The open source software (OSS) initiative has already created a highly productive, globally supported alternative software platform. The choice of free applications for Linux is growing daily. Smart application software vendors are already reaping a financial reward from the sale of their applications. Companies that have not yet embraced OSS, by porting their application to Linux, are likely to go the way of the dinosaur.
|John H. Terpstra|
Software vendors are getting onboard. Hardware vendors are playing on the sidelines, and electronics retailers are out in the peanut gallery, still hogtied to Microsoft. Considering this situation, I think it is time for Open Hardware Manufacturing (OHM) and for the creation of a new global IT solutions retail infrastructure. Yet, I fear that U.S. players are still making enough money from their Microsoft connections that they feel comfortable with the status quo.
It's a good possibility, however, that a new-styled OHM will emerge out of China, where labor costs are low, and the desire to forge ahead is stronger than it is today in America. I've heard rumblings that Chinese manufacturers might establish new retail operations throughout North America, Europe and Asia, resulting in even more of the U.S. domestic technology market being sacrificed to the scrap-heap of history. Consider this: China has already stolen the march on the U.S. textile industry.
Will China use Linux to kick some U.S. butt?
The question we must answer is this, "Will China be the hub of future IT innovation and consumerism?" If the answer is yes, Linux is the tool that is waiting for the right Chinese entrepreneur who has a vision for creating the future.
I do see some inkling that U.S. players will play the Linux/OSS card and do it well. I'll wager a bet that Novell understands the dynamics of the market. Novell purchased SuSE, a major Linux development house. Recently, Novell released OpenSuSE, which means that the professional Linux desktop is now free. Novell sells a fully supported version, but the core product is freely available from OpenSuSE.org. This is a smart and timely move.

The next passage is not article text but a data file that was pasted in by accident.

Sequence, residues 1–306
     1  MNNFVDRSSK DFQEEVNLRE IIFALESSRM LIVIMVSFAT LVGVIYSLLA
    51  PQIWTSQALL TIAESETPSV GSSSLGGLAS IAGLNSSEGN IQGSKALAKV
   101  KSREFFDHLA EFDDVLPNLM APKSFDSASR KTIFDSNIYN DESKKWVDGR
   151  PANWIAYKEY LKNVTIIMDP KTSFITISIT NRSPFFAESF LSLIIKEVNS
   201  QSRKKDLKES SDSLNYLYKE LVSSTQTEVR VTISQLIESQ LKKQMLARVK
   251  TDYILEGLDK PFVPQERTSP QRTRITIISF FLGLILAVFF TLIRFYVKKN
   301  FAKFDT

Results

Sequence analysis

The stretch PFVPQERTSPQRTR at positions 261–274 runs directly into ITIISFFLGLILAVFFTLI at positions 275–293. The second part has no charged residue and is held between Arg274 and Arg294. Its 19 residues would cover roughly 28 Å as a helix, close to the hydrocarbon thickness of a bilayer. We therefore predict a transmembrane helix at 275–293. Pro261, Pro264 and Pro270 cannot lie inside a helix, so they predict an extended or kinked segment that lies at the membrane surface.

If I understand Novell's strategy correctly and my anticipation of the market is correct, Novell is positioned for a meteoric rise. That success could come through local OHM regenerative growth. Or, Novell could even take advantage of the entry of Asian competitors, whose OSS/OHM- oriented consumer retail channel would make the advantages of OSS and Linux desktops famous.
Widespread adoption of Linux desktops and OSS is going to happen. It's going to happen with or without the help of U.S. IT vendors and electronics retailers. Surely, there must be someone in North America with the entrepreneurship, the vision and the determination to take advantage of this opportunity before it is too late. I cannot believe that the current consumer IT retail industry is willing to fall on its sword without reconnecting with a profitable and loyal customer base. I wonder who will step forward.
Users, IT pros: Speak out now
Consumers and IT professionals, this is your call to action. If you want freedom of choice, please write to the managers of your local electronics stores, advising them that you want the choice of Linux on your next desktop or laptop computer purchase. Tell the store manager that if they refuse to be more consumer choice oriented, you will no longer purchase from them. Retail stores value consumer feedback. The few store managers I polled told me that no consumer had ever requested a Linux system, and until at least a dozen do, it does not make sense to offer such systems.
Why should IT pros join this battle? Your users buy their PCs from retailers. If they're only familiar with Microsoft products, then you'll encounter great resistance to any effort bring the lower costs and greater reliability of Linux desktops to your company. Many of you have already fought and lost that battle … for the time being.
You and I are consumers. We have the right and the responsibility to make our wishes known. If enough consumers speak up, retailers will jump to attention faster than you can imagine.
Windows problems with viruses, worms and malware exist because consumers failed to tell Microsoft that they had had enough. Instead of making our dissatisfaction known to the company that could do most to solve the problem, we delighted in complaining to each other. Make your wishes known to your IT retailers now. Remember that your actions, when properly directed, can change the world.
About the author: John H. Terpstra is chief technology officer of PrimaStasys Inc., an IT consulting firm, and a member of SearchOpenSource.com's Editorial Advisory Board. He is author of Samba-3 by Example: Practical Exercises to Successful Deployment, 2nd Edition and The Official Samba-3 HOWTO and Reference Guide, 2nd Edition.